An international team led by scientists from the United States and New Zealand have observed, for the first time, the bizarre deep-sea communities living around methane seeps off New Zealand’s east coast.
It's an epic journey for a small bird. A team of scientists from New Zealand, the US, and France has discovered that sooty shearwaters (known to Kiwis as muttonbirds or titi) make a 64 000 km round trip each year, chasing summer across the Pacific.
New Zealand’s seagrass meadows are important, but threatened, coastal habitats that we still know little about. Scientists from NIWA are undertaking a nationwide survey of these vibrant underwater meadows, to find out more about the life they support and their wider role in the marine ecosystem.
An international team of marine scientists returns to the Chatham Islands next week hoping to fit satellite tags on up to 13 great white sharks. The tags will allow the scientists to track the sharks' movements for up to nine months.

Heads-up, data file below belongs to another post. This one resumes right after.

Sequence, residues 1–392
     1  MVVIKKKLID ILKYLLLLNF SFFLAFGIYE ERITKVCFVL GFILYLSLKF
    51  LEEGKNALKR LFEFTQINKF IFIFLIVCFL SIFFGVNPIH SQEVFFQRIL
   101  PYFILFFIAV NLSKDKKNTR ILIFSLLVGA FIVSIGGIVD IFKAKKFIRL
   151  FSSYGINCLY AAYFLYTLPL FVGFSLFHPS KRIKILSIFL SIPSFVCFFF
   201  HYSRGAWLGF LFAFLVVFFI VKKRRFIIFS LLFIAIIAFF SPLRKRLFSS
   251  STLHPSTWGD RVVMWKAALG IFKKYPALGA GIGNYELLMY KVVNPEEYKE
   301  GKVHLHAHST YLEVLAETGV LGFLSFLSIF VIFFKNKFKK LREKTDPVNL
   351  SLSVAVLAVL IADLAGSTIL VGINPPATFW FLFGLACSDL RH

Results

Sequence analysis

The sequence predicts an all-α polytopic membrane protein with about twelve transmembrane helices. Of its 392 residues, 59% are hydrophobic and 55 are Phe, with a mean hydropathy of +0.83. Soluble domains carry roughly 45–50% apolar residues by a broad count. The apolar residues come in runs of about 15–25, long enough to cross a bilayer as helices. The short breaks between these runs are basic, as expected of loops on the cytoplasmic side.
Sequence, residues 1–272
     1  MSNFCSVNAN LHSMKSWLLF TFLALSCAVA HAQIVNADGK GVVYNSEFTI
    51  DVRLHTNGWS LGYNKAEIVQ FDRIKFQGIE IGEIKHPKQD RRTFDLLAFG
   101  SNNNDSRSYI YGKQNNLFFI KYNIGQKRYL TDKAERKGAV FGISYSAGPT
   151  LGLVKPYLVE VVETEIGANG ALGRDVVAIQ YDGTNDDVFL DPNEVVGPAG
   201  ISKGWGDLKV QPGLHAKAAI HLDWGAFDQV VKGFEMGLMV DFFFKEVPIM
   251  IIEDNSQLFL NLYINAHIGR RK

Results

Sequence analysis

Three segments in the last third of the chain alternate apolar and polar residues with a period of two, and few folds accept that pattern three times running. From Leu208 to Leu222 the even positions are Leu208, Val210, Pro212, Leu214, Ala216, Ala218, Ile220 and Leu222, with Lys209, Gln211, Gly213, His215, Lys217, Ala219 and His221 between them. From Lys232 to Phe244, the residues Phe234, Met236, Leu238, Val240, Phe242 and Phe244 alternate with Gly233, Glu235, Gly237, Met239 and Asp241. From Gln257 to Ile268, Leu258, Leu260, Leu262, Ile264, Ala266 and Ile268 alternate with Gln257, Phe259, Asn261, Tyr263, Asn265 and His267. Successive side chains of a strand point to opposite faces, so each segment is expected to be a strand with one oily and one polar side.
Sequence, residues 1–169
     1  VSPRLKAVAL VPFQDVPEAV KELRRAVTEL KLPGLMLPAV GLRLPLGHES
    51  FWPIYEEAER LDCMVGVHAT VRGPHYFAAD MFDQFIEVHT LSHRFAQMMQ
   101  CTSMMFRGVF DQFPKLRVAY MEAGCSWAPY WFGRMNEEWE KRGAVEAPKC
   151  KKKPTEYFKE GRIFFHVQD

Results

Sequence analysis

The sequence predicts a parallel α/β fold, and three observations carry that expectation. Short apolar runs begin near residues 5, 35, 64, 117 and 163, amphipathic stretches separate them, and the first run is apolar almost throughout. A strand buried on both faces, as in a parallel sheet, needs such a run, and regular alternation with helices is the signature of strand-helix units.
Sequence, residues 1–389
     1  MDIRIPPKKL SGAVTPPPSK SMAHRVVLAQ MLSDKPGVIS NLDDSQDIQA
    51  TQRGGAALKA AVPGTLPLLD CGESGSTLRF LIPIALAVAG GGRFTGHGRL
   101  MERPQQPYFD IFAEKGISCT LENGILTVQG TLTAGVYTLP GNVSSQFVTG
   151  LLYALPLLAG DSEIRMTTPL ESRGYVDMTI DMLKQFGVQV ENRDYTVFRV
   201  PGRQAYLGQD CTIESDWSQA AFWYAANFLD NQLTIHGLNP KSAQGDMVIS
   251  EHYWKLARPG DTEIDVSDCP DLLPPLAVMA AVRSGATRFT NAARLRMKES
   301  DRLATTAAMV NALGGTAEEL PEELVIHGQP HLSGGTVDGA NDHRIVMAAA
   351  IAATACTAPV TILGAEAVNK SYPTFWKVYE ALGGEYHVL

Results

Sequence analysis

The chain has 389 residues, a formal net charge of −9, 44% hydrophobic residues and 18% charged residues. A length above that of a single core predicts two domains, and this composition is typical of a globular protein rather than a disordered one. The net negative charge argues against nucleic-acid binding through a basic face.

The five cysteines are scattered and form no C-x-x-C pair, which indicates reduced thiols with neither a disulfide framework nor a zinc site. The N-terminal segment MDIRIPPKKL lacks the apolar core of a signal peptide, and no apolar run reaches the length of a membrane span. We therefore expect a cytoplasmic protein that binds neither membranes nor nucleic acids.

A major collaborative effort involving French and New Zealand researchers will be delving in mud beneath the seafloor this month, looking for clues about past and future climate change and its various effects on the seafloor.
NIWA’s smaller research vessel, Kaharoa, leaves Wellington tomorrow (Thursday 21 April) on a 2-month voyage to deploy high-tech 'Argo' floats all the way to Hawaii and back.
Already, the crew of Kaharoa have deployed more Argo floats (141 so far) than any other vessel in the world. By the end of this trip, they will have deployed over 200 floats and clocked up over 40,000 nautical miles on Argo missions. That is almost the equivalent of sailing to the UK and back twice. (A round trip to the UK is approximately 24,000 nautical miles.)